Advertising and Marketing

Worry Colors Second-Half Outlook

After clear skies, TV business now faces challenges from economy and shifts in technology 7/16/2012 12:01:00 AM Eastern

Two recently published numbers are raising big
questions about how good the second half of 2012 will
be for the national television industry.

The first number came in a report from
the Labor Department, stating that the U.S.
added only 80,000 jobs in June. The figure
was taken as an indicator that the economic
recovery in the country was slowing down.
The stock market fell 124 points, or almost
1%, the day the number came out, taking
nearly all of the major media stocks down
with it. Worries about the economy have already
contributed to an upfront advertising
market that was less robust than expected.

The second number came from Netflix,
once the industry’s scary Death Star for providing
a cheap streaming alternative to cable.
It became a cash machine for most media
companies by writing billion-dollar checks
and opening a new digital video syndication
window. But when Netflix said that it exceeded
1 billion hours of online video views
during June, it sent a chill down the spines of
traditional TV followers worried about cannibalization
and lower ratings.

Olympics and election years are generally
buoyant ones for the television industry. But
will the second half of 2012 end up being as
strong as originally forecast in terms of revenue
growth and corporate profits?

“Once we finish worrying about the shortterm,
then we can get to worrying about the
long-term,” says Brian Wieser, analyst at Pivotal
Research Group and a former media agency
forecaster. “There are still a lot of dark clouds
that over time need to get worked through.”

Wieser says it appears that revenue growth
for the industry will be decelerating in the
second half of the year. While some observers
see advertising as a trailing indicator of
economic activity, Wieser believes advertising
moves concurrently with the times. “To the
extent that what we’re seeing now is going
to be negative, then the second half will be
bad,” he says. “If it’s not as bad as we fear,
then we turn to the longer-term issues.”

0716 Cover Story chartWorrying and Waiting

With advertising becoming a smaller
chunk of their revenue streams, and with
cost controls remaining tight since the recession
started, most media companies will
probably still have healthy earnings in the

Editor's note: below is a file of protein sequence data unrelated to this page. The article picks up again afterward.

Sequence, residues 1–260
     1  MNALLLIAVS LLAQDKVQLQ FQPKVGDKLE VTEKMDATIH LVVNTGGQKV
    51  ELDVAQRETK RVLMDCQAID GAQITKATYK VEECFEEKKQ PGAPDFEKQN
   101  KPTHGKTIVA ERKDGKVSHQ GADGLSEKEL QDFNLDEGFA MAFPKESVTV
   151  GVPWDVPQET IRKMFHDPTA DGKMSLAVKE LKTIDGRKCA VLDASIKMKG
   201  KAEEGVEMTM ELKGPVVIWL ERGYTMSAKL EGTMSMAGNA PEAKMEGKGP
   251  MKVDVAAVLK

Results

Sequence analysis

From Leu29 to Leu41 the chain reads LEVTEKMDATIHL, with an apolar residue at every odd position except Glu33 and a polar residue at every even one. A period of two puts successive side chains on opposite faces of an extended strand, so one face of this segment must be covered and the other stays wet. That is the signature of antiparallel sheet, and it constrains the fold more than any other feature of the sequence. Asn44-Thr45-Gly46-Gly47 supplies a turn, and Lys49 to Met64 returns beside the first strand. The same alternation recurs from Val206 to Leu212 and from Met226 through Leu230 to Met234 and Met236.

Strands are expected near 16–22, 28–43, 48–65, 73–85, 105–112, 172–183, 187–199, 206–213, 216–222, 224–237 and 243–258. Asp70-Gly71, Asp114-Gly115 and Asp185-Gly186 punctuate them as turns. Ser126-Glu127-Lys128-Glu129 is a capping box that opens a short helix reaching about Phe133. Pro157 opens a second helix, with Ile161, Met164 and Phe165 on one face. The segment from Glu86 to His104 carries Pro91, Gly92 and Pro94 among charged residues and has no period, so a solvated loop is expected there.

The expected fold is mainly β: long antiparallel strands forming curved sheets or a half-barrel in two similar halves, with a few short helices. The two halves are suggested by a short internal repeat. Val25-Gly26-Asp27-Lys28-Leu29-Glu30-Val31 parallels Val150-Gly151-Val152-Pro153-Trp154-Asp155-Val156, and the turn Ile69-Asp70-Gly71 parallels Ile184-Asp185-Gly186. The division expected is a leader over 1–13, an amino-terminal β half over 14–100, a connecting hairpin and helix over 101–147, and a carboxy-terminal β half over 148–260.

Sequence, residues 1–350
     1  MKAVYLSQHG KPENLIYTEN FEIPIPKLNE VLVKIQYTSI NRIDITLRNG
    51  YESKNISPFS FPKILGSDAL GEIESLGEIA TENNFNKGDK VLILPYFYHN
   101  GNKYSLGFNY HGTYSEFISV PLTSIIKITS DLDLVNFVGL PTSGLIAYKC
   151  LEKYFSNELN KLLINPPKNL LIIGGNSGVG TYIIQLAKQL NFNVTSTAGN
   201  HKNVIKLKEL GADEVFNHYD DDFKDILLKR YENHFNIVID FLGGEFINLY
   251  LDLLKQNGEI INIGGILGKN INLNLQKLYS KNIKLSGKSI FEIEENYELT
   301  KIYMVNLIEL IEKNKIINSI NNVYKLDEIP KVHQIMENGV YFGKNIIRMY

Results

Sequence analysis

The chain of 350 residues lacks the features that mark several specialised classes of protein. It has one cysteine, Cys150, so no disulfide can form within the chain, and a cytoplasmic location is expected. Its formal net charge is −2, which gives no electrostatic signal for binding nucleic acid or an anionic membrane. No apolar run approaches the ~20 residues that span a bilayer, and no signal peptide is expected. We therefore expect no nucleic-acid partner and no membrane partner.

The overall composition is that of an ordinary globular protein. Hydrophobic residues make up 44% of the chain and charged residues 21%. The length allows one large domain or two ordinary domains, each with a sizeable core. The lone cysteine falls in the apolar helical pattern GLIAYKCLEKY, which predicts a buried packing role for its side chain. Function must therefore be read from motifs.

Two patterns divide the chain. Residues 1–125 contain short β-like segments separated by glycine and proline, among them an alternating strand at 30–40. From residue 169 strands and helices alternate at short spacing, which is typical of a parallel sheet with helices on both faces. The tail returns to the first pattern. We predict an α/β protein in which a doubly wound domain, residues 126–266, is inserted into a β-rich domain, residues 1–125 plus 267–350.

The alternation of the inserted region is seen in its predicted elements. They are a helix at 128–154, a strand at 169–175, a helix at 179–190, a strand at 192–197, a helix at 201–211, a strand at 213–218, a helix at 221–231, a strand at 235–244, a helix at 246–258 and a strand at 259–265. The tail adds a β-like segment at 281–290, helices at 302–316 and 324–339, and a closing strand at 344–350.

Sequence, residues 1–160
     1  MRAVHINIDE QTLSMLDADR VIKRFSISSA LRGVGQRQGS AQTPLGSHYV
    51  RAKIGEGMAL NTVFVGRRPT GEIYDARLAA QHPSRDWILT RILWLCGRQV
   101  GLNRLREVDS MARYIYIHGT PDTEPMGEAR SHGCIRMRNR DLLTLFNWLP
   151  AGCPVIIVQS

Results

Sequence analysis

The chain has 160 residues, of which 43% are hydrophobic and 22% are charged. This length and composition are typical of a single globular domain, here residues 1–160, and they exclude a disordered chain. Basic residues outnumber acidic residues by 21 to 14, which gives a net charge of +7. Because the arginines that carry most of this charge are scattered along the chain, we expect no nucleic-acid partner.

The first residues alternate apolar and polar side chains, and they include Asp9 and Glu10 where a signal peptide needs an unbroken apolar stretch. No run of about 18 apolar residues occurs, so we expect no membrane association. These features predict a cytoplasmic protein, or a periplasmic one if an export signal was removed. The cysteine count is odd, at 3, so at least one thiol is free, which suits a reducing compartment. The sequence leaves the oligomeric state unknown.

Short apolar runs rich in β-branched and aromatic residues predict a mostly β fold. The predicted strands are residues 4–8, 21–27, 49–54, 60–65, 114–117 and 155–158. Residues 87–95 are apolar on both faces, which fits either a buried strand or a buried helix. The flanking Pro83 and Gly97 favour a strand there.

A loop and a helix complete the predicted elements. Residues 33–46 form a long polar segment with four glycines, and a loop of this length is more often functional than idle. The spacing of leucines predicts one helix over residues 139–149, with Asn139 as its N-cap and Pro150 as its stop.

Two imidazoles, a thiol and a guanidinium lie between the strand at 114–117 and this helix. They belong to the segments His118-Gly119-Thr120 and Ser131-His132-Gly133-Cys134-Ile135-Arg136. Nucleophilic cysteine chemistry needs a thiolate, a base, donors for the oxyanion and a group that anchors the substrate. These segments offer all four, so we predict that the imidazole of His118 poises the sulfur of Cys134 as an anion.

second half of the year, even if the ad market
tanks. “It would take a really cataclysmic
event for pro! ts to lose steam,” Wieser notes.

Indeed, until recently, worries about the
economy had been to the TV business like
water off a duck’s back.

In the first quarter, every category of TV saw
increases in advertising expenditures, according
to Kantar Media, which pegged TV media
growing at a 7.6% clip compared to advertising
growth in all media of just 2.6%. The biggest gainer, according to
Kantar, was Spanish-language TV, up 20.7%,
but cable TV showed a 7.4% gain, broadcast
was up 7% and syndication jumped 15.7%.

Even while noting worsening economic
indicators, media agency ZenithOptimedia called for generally increasing television
spending in its most recent
forecast for 2012. In fact, Zenith
saw cable TV as one of the healthiest
media segments, forecasting
10% growth.

According to Zenith, while cable
is expected to grow by double digits
in 2012, network TV is forecast to
show a 1% decline. Historically, the
Olympics have given broadcasters
a boost, but Zenith says live events
from London are more likely to be
viewed on cable or over the Internet.

Analyst Michael Nathanson of
Nomura Securities noted last week
that most media stocks showed big
gains in the first half. Then he cut
his second-quarter earnings estimates
for most of the companies in
the sector because of a slowdown in
advertising revenue increases. Media
companies will start reporting Q2
earnings later this month.

Short-term economic conditions
will make it tough for companies in
the TV business to beat Wall Street
forecasts for the rest of the year, and
that’s what makes the stock market
happy, according to David Bank,
managing director for global media